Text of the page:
If limitations can be removed at California’s now-closed largest natural gas storage facility, an increase in withdrawal capacity could lower, if not eliminate, the risk of gas curtailments leading to rolling power outages during peak demand days this summer, according to a state-mandated report released on Wednesday.
However, ongoing testing and clearance of each storage well at the Southern California Gas Co. (SoCalGas) Aliso Canyon storage field and limitations on withdrawal methods since the four-month-long leak of a well at the facility (see Daily GPI, Feb. 18) have combined to cast doubt on whether the gas curtailments and rolling blackouts can be avoided. To date, only nine wells have been completely tested, remediated and inspected, and only four of those have been cleared for use.
At the 3,600-acre, 86 Bcf capacity underground storage field, which once operated with 114 storage wells, a minimum of 36 wells would be required to provide enough withdrawal capacity to avoid shortages of gas and power. This is one of the conclusions under the two most likely of four scenarios examined by the staff of the California Public Utilities Commission (CPUC) in the legislative (SB 380)-mandated report examining Aliso’s working gas inventory, production capacity, injection capacity and well availability for this summer.
Generally the withdrawal capacity of an underground storage field is determined by a combination of the volumes of gas in storage and the number of storage wells available for withdrawal, the CPUC report said. Given the continuing prohibition against injecting any new supplies into Aliso, storage volumes cannot be manipulated to lower the risks of future curtailments.
Currently there 15 Bcf of natural gas stored in Aliso, and SoCalGas cannot inject more gas into the field until it has complied with multiple provisions of SB 380, the report says, offering statistics that show the compliance work is ongoing but slow. “As part of its comprehensive safety review, SoCalGas has sealed and isolated from the rest of the field many wells,” the CPUC report said.
As of June 20, only four fully tested, remediated and inspected wells were available for gas withdrawal, according to the CPUC staff, with an added 17 wells having completed the first of three phases of tests. “[Those] can be available for withdrawal if needed for reliability.”
Among the remaining wells, five had been completed in all three phases of the safety review as determined by the state Division of Oil, Gas and Geothermal Resources and approved, but they are still not operational, and 23 others were still in the process of undergoing comprehensive inspection review.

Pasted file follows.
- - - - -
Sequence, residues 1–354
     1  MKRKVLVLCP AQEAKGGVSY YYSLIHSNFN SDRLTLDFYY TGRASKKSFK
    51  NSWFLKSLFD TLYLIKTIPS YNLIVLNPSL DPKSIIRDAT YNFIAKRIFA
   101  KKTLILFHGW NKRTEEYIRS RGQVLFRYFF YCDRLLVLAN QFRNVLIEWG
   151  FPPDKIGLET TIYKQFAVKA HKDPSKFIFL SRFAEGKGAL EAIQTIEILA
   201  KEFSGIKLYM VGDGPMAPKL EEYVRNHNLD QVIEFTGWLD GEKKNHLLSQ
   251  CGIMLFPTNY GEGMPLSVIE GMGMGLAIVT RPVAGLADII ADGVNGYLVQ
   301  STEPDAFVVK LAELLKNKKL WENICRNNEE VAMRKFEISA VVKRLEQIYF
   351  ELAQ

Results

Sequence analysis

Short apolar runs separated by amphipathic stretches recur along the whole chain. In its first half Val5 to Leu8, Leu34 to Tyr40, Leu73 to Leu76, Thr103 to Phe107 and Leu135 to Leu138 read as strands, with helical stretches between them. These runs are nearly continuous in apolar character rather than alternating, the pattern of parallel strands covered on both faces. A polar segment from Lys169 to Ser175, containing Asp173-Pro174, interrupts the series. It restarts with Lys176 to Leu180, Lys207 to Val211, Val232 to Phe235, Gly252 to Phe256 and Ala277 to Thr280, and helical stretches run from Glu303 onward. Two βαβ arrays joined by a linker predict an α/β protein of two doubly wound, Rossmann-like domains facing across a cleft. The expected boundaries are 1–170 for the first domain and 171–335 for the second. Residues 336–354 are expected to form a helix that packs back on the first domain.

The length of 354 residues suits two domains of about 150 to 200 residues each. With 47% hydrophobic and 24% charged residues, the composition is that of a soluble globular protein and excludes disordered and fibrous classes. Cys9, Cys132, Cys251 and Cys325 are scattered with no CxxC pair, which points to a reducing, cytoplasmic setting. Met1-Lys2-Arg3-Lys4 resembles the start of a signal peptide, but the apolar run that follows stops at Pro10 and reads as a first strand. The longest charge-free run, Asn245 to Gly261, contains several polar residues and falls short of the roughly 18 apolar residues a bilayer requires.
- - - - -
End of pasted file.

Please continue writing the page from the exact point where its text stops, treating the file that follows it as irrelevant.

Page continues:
“The analysis indicates that the current combination of gas stored in the field and wells available for gas withdrawal leaves SoCalGas with an Aliso Canyon withdrawal capacity of approximately 300 MMcf/d, which is below the identified target of 420 MMcf/d needed to meet Scenarios 2 and 3 in the risk assessment.”
As a result, the CPUC has ordered the Sempra Energy gas-only utility to file a plan on Friday (July 1) for getting to the 420 MMcf/d withdrawal capacity capability.
Of the four scenarios in the risk report, No. 1 would avoid up to 11 days of curtailment from a 150 MMcf/d shortfall in supplies-vs.-demand by shifting electric generation out of the Los Angeles Basin; No. 2 would have an added non-Aliso storage outage of 400 MMcf/d, requiring 252 MMcf/d to be withdrawn from Aliso; No. 3 would have a 500 MMcf/d pipeline outage, forcing the need for 420 MMcf/d withdrawal from Aliso to avoid curtailments; and No. 4 — the least likely to occur — involving an overall 900 MMcf/d outage in system supply capacity would require 1.1 Bcf/d withdrawals from Aliso.
Regarding the latter, the CPUC reported that the current Aliso volumes in storage (15 Bcf) would be “insufficient to support” withdrawal of 1.1 Bcf/d.
Adding to the conundrum is the fact that available withdrawal capacity varies widely at Aliso because of operating restrictions imposed in the wake of the massive storage well leak from late last October through mid-February this year. These restrictions will result in estimated withdrawal capacity in each operable Aliso Canyon well being 40% to 80% below their past capabilities, according to the CPUC report.
Using the conservative 40% lower per-well withdrawal capacity, the CPUC staff report concluded that 36 wells will be needed to assure a 420 MMcf/d withdrawal capacity for Aliso.
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